During my first procedure, I was brought awake once or twice in order to breathe in and hold it – this was to allow them to take an accurate X-ray. Once they’d achieved the image, I drifted back to sleep. I do remember bits and pieces of this surgery – I remember feeling as if I’d been abducted by aliens. I woke up several times and saw the doctors gathered together around monitors at one point, and feeding the line into my groin in the next moment, and so on – it happened in snapshots. I often looked at the anaesthetist and he spoke to me and asked if I’m okay, if I was enjoying my intermittent napping. During the second procedure however, I was totally out for the count for the entire procedure. I woke up and asked how long it had been, and was shocked to find I’d been asleep for 1hr 30 minutes!

After both procedures, there was a lot of pressure applied to the site on my groin, as the artery will naturally spout out a lot of blood and needs pressure to help it clot and heal. After both procedures, I was left with a lot of bruising in this area – this is fine and should be expected, especially if you bruise like a peach as I do. As they wheeled me off to the recovery room after my second procedure, unfortunately my leg decided it wasn’t done bleeding and it was pooling out of me – however, I told the nurse and we stopped in the middle of the corridor to apply more pressure and more dressings.

I stayed for a short time in a recovery room (one or two hours) where I was given an electric blanket (on both occasions!), which was a god-send, because after both surgeries, I felt absolutely freezing cold, shivering even. Then, it was 4 hours of bed-rest and dozing off in a general ward/ recovery area. I think I was allowed water and eventually food, but I had to stay laying down because the wound was delicate and needs opportunity to heal properly. Unfortunately on both occasions I needed to pee like you wouldn’t believe, to the point where I just couldn’t hold it. The nurse brought me a bed-pan both times and I had to pee with the curtain pulled around me. I’d never peed so much in my life! Top-tip – if you’re worried about anyone hearing you, ask the nurse to put toilet paper in the bottom of the pan so your pee doesn’t echo against the metal bowl. You will thank me!

After my first procedure I had a morphine drip, which was a delight, and I clicked away until I was enjoying a heady trip. Morphine is a happiness drug for me and I can say for sure that I understand why people get addicted to opiates, though I of course do not condone drug use (or theft or misuse of morphine for that matter!) However, after my second procedure I didn’t need pain relief and so I just basked in post-anaesthesia doziness. Eventually I was allowed to go home, so I washed briefly in the washroom/loo and dressed very groggily in my going-home clothes. During the first procedure I was staying with family, but after the second I elected to recover for a few days at my then-boyfriend’s house (now my fiancΓ©!) and keep away from family in case I’d contracted covid.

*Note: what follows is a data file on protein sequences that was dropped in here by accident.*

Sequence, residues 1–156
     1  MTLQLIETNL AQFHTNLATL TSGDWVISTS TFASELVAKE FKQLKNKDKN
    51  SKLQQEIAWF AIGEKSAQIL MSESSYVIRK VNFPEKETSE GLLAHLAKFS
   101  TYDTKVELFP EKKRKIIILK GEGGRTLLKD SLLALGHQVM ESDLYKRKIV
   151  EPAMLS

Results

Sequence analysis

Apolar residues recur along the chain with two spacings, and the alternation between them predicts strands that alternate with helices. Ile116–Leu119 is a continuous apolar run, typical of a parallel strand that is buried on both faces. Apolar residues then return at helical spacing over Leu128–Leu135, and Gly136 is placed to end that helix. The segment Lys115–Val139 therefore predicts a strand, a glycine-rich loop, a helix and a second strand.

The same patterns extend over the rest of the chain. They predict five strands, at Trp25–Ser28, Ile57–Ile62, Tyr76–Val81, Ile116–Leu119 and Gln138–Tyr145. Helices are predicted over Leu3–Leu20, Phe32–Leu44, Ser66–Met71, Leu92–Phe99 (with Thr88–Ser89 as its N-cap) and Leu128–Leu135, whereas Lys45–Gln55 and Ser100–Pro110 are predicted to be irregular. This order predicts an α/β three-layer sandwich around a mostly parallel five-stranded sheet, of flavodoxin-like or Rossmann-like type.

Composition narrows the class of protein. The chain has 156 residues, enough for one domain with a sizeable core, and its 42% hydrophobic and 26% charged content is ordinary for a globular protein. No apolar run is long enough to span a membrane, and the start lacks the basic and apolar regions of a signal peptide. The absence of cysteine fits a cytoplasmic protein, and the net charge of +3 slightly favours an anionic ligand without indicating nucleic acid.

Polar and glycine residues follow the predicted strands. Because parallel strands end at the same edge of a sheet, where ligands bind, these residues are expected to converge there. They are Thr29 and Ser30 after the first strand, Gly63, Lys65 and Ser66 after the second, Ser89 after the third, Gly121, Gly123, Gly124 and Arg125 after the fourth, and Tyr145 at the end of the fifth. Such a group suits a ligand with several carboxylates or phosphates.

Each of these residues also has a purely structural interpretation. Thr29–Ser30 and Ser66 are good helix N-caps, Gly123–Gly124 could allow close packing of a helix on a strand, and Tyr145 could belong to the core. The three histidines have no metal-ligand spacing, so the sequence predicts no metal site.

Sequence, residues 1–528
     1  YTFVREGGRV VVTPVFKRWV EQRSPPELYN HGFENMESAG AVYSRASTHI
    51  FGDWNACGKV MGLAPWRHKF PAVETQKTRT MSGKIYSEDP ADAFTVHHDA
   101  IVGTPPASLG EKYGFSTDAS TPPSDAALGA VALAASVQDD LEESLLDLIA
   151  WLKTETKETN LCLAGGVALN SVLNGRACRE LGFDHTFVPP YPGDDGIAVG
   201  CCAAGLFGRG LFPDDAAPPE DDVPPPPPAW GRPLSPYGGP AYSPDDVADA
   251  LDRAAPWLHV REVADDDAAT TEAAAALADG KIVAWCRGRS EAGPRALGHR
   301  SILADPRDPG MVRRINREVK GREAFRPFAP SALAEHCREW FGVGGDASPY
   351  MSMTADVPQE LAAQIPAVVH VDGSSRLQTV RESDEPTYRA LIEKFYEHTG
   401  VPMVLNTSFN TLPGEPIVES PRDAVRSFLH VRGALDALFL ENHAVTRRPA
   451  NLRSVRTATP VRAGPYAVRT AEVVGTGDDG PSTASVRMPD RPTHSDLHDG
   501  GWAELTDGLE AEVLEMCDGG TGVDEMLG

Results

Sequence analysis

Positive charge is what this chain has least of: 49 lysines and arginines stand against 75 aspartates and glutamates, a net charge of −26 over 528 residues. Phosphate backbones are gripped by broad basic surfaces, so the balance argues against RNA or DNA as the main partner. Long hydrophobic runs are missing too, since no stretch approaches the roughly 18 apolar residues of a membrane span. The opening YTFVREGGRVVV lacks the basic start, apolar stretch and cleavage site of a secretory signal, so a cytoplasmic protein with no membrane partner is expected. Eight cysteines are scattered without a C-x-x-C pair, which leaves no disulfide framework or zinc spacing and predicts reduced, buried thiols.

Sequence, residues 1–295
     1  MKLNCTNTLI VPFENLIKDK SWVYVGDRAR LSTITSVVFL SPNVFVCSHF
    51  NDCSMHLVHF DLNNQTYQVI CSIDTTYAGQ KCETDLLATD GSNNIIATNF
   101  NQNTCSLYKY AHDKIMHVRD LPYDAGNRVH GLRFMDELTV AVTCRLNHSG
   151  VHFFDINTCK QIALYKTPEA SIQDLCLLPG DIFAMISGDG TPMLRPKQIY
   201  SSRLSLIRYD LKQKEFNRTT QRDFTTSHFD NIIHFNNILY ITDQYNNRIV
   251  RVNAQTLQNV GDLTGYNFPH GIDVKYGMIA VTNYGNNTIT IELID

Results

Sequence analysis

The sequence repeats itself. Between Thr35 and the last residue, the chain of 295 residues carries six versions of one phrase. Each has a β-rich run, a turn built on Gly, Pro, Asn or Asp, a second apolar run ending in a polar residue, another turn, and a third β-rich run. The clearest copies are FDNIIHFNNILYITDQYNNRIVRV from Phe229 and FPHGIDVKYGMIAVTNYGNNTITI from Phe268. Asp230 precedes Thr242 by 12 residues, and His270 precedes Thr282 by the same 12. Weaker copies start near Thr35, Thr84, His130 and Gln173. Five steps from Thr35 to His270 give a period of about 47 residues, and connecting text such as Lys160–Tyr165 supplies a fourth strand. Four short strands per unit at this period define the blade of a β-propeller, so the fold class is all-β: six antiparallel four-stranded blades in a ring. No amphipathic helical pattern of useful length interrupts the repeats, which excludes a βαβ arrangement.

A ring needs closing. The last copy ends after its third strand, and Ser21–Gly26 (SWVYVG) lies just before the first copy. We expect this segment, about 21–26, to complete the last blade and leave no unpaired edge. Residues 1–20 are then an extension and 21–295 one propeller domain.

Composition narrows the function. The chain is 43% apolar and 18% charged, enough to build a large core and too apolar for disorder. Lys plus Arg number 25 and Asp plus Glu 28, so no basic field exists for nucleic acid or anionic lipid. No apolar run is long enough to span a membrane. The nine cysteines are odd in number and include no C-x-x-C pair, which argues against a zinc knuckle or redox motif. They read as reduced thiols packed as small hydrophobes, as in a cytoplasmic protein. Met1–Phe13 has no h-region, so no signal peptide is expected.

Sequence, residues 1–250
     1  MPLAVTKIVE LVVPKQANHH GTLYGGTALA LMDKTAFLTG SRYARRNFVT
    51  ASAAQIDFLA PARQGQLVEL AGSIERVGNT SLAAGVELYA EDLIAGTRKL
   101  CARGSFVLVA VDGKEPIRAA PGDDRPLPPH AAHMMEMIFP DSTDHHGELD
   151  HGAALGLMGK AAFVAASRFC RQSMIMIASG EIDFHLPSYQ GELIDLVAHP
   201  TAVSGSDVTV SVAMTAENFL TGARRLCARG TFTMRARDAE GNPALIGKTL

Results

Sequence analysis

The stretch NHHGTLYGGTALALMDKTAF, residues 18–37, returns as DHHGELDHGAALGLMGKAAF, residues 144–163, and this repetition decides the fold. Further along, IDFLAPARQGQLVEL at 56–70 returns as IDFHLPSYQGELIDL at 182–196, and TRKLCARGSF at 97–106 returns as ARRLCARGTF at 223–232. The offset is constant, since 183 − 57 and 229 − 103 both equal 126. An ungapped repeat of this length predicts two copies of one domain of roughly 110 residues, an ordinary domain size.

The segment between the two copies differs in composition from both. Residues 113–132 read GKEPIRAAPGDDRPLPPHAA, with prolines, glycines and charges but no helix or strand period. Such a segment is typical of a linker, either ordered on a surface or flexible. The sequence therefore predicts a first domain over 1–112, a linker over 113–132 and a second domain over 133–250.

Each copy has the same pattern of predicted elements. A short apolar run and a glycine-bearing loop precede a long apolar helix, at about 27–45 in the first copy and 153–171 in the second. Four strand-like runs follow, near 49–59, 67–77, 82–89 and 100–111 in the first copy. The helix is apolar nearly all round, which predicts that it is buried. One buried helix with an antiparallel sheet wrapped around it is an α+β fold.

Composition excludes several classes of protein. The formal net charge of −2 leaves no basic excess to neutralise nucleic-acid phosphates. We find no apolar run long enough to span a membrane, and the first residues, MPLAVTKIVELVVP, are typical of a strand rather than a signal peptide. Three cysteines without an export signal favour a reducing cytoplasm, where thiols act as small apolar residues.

Aftercare

Given mine was a day procedure, my aftercare was pyjamas, love, movies, pizza, and a day or two off work spent napping. However, yours may be different and it really depends what you’re having done. My advice is you listen to what the team tells you and don’t deviate from their advice, or do so at your own risk. Remember to relax, rest and recuperate -your body has been through a lot. Anaesthetic can make you feel dozy and groggy for a good few days and I for one napped for England. Eventually I was able to take off the dressing (again, the nurse will advise you about aftercare of your wound – don’t deviate from this or you risk infection) and I had a fair amount of bruising, but I felt no other after-effects.

All in all, I was very happy with my treatment both times and I was once again amazed by the level of care available to us on the NHS. No matter how worried or scared you get, just remember the first-class health service you are receiving and how envied we are the world over. I for one feel nothing but gratitude for the healthcare I’ve received.

I hope if you’re having interventional radiology that you find this blog helpful. Just remember that, as with most things, it’s all in the mind. Stay calm, trust your professionals, and ask questions – lots of questions – if you need to. Consider all your options and work with them. Remember, they want to help you and they wouldn’t offer these procedures unless they absolutely felt it was in your best interests.

Thank you for reading, and I hope your procedures go as smoothly as mine did!

Best wishes,
Ashleigh